Stretching about a mile along both sides of VA 63 as it winds through mountainous terrain between Nora and Dante, this camp was built at the northern base of Sandy Ridge by the Virginia Banner Coal Corporation. The collection of frame buildings is the best-preserved mining camp in Dickenson County. Primarily consisting of about one hundred small one-story dwellings rented to miners working in the local mines, the camp also includes several company-built facilities including a former company store and post office, a schoolhouse, and a Baptist church. Each three- to four-room house is a simple, frame and weatherboarded, gable-roofed structure with deep eaves, six-over-six, double-hung windows, and a recessed one-bay corner porch. Heated by central coal-fired stoves and lighted by a single light bulb in each room, the houses had no running water, and every three households shared a privy.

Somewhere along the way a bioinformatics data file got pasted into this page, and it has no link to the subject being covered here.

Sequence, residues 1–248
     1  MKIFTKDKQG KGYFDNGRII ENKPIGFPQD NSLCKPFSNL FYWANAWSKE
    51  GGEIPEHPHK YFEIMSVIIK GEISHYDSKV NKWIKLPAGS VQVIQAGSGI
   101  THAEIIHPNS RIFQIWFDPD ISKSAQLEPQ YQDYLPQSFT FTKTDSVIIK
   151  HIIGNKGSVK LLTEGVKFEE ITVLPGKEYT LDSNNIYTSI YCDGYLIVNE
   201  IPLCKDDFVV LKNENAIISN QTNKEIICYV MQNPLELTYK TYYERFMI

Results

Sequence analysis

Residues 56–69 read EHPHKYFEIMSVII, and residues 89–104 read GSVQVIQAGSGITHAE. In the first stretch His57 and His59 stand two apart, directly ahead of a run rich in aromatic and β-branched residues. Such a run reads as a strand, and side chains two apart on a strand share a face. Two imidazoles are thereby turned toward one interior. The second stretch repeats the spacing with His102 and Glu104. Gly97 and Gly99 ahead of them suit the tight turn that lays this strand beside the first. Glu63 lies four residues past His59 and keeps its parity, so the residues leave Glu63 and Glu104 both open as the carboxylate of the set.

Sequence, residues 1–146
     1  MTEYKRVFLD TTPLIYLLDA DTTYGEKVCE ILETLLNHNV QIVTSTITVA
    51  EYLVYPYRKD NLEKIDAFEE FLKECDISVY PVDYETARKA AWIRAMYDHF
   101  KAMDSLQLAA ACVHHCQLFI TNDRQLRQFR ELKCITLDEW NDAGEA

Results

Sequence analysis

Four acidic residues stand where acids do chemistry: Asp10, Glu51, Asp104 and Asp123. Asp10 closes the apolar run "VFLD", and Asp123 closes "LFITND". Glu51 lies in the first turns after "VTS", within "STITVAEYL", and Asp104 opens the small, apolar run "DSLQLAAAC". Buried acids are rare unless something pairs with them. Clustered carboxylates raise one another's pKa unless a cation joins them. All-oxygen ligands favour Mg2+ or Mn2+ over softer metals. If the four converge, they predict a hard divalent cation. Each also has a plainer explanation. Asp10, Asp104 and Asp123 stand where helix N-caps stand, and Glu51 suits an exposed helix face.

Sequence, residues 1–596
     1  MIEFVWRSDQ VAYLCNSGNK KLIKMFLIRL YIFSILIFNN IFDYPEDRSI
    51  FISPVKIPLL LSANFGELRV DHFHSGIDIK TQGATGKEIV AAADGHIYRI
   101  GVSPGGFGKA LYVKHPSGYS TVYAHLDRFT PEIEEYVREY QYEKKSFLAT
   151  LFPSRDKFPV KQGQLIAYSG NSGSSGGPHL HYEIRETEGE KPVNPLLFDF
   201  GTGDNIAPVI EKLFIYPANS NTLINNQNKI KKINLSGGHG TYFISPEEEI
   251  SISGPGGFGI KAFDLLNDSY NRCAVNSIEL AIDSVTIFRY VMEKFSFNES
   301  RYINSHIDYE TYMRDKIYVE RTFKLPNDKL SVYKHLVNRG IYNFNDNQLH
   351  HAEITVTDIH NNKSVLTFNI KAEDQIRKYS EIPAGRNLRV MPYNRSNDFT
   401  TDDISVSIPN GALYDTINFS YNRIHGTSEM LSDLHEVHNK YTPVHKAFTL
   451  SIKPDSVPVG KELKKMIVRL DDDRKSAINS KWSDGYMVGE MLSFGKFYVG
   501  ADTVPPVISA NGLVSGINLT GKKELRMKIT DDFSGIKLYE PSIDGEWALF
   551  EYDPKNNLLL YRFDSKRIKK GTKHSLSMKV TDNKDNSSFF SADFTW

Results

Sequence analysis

The company store and post office (1917; VA 63 at VA 626) is a gabled two-story wooden building with flanking shed-roofed wings. A concrete platform extending across the front of the building provided access to the store and post office entrances. The building has been abandoned, but the Trammel Baptist Church (1944), a simple, one-story, frame building still serves the residents of the community. In 1986, the town of Trammel and most of the houses were sold at auction.